The no-brainers of knowledge management

The economy is emerging as the underlying driver of knowledge management adoption, but industry experts warn that many Canadian enterprises aren’t coming along for the ride.

According to a panel presented by Smart Toronto Tuesday comprised of representatives from Cap Gemini Ernst & Young, PricewaterhouseCoopers and Hewlett-Packard (Canada) Ltd., implementing a knowledge management (KM) strategy involves and affects a number of stakeholders — the customer, the employee, partners and suppliers.


KM refers to collection and sharing of information between employees, customers and partners, and perhaps even more notably, the leveraging of intangible information, unique to one organization, that is often found only in the heads of employees.

“Fundamentally, the bottom line issue that everyone is talking about is cost reduction,” said Lisa Taylor, e-business team leader with Mississauga-based HP Canada’s consulting group. “How do I reduce my cost while maintaining the same levels of service or even increasing levels of service?”

Despite the cost cutting challenges now, added Taylor, it is still important to be able to retain the skilled employees so that the organization is strong when economic conditions improve.

KM solutions usually involve many self-service features that enable users – internal employees, for example – to access information they require via an intranet portal.

While technology is an element of a KM strategy, it can’t be championed by the IT department alone, said Doug McCuaig, vice-president of e-business services with Cap Gemini Ernst & Young. The affected business units must be involved in any KM strategy, but an organization’s IT department can be a key facilitator in that they can say if the technology is available and evaluate whether or not the risks involved are mitigated, he said. A CIO or CTO can also speak to the acquisition costs of any KM-related technology and what its total cost of ownership will be.

“The biggest challenge over the last five years is technology people have to be business people,” said McCuaig. “They have to be an interpreter of technology and what it can do to enable, and they have to understand the business rationale as much as the technology.”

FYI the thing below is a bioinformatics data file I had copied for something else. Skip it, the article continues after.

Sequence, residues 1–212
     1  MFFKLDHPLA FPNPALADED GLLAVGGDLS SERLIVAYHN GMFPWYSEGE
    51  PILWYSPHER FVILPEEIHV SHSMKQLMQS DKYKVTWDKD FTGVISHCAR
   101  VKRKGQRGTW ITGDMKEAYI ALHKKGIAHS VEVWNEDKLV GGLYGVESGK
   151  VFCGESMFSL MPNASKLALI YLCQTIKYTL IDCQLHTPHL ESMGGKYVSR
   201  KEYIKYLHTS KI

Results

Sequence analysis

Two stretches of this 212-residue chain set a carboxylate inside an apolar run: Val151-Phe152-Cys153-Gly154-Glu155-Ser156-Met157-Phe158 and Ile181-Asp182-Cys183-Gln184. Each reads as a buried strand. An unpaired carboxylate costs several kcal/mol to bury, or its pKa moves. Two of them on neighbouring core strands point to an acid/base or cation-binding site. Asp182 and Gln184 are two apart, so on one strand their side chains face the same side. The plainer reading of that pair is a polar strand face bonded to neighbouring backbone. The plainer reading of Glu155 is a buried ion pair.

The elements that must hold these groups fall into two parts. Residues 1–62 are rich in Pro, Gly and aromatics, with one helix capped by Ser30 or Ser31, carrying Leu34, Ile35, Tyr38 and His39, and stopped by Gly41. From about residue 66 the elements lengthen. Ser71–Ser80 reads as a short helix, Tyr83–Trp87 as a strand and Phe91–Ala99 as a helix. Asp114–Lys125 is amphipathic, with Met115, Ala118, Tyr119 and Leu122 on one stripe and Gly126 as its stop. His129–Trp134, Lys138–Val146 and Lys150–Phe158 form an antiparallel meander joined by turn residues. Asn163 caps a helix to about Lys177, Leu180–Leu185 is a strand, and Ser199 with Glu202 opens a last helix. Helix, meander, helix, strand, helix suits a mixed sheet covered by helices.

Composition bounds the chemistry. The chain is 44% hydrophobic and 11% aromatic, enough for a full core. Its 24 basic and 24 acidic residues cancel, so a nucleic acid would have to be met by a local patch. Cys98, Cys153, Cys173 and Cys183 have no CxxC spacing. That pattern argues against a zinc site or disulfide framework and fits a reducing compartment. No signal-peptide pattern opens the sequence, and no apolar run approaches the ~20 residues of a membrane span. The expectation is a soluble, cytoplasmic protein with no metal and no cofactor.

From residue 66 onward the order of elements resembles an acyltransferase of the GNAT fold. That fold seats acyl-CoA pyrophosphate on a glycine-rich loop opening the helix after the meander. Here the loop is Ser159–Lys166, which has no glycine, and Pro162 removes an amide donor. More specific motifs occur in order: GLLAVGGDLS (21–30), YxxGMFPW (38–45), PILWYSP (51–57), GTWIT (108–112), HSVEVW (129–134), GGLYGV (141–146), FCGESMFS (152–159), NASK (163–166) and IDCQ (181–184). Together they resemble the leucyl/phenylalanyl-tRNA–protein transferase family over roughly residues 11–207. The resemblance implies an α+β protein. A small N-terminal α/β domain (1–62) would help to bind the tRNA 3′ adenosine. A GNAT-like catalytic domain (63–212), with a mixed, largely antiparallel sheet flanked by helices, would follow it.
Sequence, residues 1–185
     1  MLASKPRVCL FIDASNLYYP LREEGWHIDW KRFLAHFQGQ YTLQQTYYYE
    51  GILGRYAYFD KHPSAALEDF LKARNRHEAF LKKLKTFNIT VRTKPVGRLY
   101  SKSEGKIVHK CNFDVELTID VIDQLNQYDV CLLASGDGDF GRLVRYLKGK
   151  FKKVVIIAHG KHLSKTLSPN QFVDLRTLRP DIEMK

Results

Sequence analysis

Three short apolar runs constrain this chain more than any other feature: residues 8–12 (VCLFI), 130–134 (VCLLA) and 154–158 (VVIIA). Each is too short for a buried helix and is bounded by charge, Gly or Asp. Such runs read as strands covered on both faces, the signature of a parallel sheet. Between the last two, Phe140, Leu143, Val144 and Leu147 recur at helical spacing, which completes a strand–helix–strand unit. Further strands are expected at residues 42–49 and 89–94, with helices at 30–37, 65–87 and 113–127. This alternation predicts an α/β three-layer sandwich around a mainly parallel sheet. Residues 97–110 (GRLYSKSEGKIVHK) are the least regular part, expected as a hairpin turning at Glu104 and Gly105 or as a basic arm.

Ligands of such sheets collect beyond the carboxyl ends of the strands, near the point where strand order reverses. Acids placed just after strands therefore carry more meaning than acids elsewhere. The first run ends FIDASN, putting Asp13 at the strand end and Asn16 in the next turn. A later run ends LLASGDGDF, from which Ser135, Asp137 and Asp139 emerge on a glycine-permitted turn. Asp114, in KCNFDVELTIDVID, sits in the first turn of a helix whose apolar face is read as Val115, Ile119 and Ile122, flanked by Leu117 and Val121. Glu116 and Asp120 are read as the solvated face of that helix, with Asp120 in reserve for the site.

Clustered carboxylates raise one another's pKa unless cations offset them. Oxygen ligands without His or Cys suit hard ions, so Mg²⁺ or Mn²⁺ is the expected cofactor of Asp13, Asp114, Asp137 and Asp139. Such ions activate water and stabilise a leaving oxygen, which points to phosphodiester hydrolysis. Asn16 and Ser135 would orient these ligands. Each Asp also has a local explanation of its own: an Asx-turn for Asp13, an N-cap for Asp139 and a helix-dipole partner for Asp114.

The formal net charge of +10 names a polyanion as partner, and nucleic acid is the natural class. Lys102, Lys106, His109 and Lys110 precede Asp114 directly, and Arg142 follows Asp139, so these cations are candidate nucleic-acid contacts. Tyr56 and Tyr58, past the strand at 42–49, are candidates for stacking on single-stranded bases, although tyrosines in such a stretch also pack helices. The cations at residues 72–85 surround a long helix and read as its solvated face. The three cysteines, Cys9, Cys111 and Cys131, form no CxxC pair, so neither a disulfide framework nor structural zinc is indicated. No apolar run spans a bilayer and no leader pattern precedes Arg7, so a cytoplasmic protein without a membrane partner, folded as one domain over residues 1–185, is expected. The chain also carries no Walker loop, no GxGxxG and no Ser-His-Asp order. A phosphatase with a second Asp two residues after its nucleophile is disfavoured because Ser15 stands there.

Taylor said there are three key areas of leadership that have to come together to make a knowledge management strategy successful – the business lead (whoever is in charge of the affected business function, the vice-president of sales and marketing, for example); the CFO, who can say “Does this fit with overall corporate priorities of everything else that is going on?”; and finally, the CIO or CTO, who can say “What’s the appropriate use of technology in order to achieve the goals of both the lines of business as well as the financial objectives.

“Those three senior executives are coming together provide the entire picture,” Taylor said.

Heidi Amponsem, principal consultant with PricewaterhouseCoopers, said there a two change cycles at work with an KM initiative – on one side is the organizational change, which affects people and processes, and on the other is the knowledge cycle, which happens closer to the technology and structure side. Both of these cycles must be managed concurrently, she said, in order for KM to be successful.

“Knowledge management is here and it’s here to stay,” said Amponsem. However, adoption of KM in Canada has been slow, the panel agreed.

“I’d say we’re not adopting it,” said McCuaig, who calls himself a “productivity buff.” Canada is still lagging the U.S., he said. “I think that we have a huge challenge. I think we’re slow adopters of technology . . . and slow adopters of innovation.”

There are some success stories, McCuaig acknowledges, but also said that there are some large Canadian organizations that will soon be facing a mass exodus of employees due to retirement, taking the knowledge in their heads with them.

“In Canada we hear a lot of discussion about knowledge management,” said Amponsem. “I think a lot of companies and governments want to embrace it, but are just too fearful to get started on something – everybody wants to have a complete solution all at once, and it’s just too big that no one can start.”


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Gary Hilson
Gary Hilson
Gary Hilson is a Toronto-based freelance writer who has written thousands of words for print and pixel in publications across North America. His areas of interest and expertise include software, enterprise and networking technology, memory systems, green energy, sustainable transportation, and research and education. His articles have been published by EE Times, SolarEnergy.Net, Network Computing, InformationWeek, Computing Canada, Computer Dealer News, Toronto Business Times and the Ottawa Citizen, among others.

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